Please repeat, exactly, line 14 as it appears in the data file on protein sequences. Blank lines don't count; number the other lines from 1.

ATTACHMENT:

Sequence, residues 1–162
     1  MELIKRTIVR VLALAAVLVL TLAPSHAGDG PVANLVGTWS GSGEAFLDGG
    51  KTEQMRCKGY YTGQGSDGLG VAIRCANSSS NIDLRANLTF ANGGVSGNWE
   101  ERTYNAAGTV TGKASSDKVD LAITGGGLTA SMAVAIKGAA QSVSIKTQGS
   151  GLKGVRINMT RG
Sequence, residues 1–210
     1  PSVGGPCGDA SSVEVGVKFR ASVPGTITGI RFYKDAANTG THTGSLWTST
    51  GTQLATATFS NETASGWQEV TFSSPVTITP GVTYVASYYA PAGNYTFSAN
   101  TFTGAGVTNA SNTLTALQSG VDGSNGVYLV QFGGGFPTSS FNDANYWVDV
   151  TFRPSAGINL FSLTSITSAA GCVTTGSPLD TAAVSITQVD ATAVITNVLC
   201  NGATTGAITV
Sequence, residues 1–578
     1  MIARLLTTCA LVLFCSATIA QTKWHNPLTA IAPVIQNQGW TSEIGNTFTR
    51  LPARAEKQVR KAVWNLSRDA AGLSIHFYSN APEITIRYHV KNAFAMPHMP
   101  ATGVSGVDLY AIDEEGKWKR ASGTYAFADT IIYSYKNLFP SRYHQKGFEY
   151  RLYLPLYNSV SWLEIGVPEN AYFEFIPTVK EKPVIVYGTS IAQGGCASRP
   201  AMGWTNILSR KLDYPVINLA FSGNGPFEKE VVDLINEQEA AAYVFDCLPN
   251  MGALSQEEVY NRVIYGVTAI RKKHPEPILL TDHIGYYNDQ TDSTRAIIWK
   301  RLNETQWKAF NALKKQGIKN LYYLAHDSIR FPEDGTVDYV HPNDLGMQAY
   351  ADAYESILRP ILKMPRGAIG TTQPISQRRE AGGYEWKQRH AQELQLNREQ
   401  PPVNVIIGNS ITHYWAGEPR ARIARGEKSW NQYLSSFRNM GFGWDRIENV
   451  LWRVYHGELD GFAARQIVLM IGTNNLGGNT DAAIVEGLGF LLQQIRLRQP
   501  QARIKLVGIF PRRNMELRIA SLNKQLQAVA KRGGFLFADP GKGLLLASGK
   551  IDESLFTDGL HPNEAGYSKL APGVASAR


    51  LPARAEKQVR KAVWNLSRDA AGLSIHFYSN APEITIRYHV KNAFAMPHMP